Bison b.c. - Dark Ages (Metal Blade/Riot)

Bison b.c.'s third outing on Metal Blade isn't technically astounding but something about it makes you want to listen on

 

Dark Ages is an intriguing album. The bizarrely-titled Stressed Elephant opens proceedings with a slow, undulating groove complemented by a string section, and it bears similarities to the most recent release from Eluveitie, Everything Remains as it Never Was. A couple of minutes into this eight-minute opus, vocalist/guitarist James Farwell gets on with the job in hand, with second vocalist/guitarist Dan And getting stuck into some of the deeper vocals as the song progresses.

Fear Cave fluctuates wildly in tempo, ranging from an almost stationary chugging comparable to Gregorian chant, to archetypal thrash tempo beatings that would send the beers flying. Whilst we're on the subject of beers, Two-Day Booze presents a solid heavy metal number with some Bay Area thrash hooks but the drumming from Brad Mackinnon is a bit vague and doesn't work for me at all.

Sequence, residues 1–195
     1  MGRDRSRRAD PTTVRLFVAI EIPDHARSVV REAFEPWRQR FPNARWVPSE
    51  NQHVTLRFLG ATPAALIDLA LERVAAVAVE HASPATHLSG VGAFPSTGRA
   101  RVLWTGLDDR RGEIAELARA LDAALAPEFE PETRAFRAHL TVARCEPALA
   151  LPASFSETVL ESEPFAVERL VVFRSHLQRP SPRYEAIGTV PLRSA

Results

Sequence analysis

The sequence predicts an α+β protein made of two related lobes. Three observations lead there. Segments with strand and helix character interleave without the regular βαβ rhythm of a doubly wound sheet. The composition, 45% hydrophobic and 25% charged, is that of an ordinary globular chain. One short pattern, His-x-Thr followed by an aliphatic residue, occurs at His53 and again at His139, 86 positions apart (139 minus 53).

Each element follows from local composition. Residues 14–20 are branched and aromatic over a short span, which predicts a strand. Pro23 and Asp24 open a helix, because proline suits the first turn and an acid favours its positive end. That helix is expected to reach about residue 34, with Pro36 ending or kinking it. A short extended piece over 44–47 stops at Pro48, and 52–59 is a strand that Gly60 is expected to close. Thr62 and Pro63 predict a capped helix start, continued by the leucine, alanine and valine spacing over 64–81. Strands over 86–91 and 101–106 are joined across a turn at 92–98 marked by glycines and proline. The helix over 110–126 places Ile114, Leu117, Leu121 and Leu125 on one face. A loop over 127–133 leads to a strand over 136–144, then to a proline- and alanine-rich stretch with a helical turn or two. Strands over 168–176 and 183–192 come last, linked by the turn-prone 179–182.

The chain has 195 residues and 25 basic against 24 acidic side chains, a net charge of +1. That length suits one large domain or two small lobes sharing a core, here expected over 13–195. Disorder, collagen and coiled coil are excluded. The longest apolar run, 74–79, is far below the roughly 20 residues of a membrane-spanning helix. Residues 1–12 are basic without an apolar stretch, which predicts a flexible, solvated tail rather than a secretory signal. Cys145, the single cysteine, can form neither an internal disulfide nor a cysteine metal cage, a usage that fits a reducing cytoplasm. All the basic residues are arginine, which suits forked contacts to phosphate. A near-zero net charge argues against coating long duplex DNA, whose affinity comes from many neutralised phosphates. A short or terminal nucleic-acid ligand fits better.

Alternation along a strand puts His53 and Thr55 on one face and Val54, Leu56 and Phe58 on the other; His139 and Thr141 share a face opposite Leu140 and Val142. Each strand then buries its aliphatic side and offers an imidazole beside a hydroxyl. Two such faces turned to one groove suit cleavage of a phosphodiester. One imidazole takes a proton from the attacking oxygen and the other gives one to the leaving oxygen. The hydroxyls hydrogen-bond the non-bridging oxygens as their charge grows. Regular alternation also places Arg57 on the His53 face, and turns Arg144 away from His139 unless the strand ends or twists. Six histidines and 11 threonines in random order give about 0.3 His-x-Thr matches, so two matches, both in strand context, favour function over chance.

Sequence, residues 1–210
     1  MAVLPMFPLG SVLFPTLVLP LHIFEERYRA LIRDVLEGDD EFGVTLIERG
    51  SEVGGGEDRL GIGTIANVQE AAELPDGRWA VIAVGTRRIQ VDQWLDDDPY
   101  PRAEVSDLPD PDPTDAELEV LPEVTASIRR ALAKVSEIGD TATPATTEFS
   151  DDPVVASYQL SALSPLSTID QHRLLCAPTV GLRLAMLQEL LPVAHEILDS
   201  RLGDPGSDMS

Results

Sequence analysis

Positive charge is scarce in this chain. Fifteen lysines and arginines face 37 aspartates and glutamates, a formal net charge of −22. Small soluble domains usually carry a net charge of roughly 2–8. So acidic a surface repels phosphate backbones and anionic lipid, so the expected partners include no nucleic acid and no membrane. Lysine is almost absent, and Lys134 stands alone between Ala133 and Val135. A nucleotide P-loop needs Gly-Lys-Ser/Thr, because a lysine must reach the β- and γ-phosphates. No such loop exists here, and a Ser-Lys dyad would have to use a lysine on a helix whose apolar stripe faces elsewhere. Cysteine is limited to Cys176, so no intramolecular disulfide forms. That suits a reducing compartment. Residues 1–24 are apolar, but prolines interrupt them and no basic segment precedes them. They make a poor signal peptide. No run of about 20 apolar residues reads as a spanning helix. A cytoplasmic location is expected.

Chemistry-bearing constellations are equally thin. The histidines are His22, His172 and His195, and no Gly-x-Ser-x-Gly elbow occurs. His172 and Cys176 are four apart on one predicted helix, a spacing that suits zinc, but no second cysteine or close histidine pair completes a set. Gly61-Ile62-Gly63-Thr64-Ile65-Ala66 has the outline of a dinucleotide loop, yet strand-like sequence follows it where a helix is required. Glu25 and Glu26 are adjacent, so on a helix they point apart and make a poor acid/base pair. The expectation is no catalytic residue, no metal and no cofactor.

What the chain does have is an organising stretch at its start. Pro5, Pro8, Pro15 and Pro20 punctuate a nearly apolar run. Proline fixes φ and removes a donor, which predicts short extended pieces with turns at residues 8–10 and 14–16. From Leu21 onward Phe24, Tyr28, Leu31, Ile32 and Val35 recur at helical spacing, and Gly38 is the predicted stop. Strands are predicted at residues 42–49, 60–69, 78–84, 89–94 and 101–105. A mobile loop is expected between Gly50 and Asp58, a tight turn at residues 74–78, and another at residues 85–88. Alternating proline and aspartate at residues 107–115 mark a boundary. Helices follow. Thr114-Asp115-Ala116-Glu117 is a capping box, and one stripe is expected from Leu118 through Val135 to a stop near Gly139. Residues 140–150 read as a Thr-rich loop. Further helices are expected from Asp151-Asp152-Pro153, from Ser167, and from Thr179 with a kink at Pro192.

In Melody, This Is For You though, Bison b.c. have played a blinder. Wading through it at over eight-and-a-half minutes, the song builds up instrument by instrument, offering bassist Masa Anzai the chance to knock out some brutally low notes before the whole lot comes together around the four-minute mark and hammers into a raw, powerful metal outing. The other quality stand out song is album closer Wendigo Pt. 3 (Let Him Burn); thoroughly enjoyable, with a folk-tinged start crashing into a harder, thrashier number that's got a Machine Head feel.

There is nothing about this album which will make you stand back and soil your undergarments with joy, but nor will you smash your speakers with a golf club in anger. There is no doubting that Dark Ages is a metaller's metal album, designed for people who wear a lot of denim, have a lot of hair, drink a lot of beers and smoke a lot of cigarettes. You will bang your head as it plays out - but with a mere seven songs and at over 45 monutes in length, there are times when it feels like they've just forgotten to turn the recording off.

It's a worthy purchase but it might sit and gather dust after the first couple of plays.

Dark Ages is out now on Metal Blade/Riot.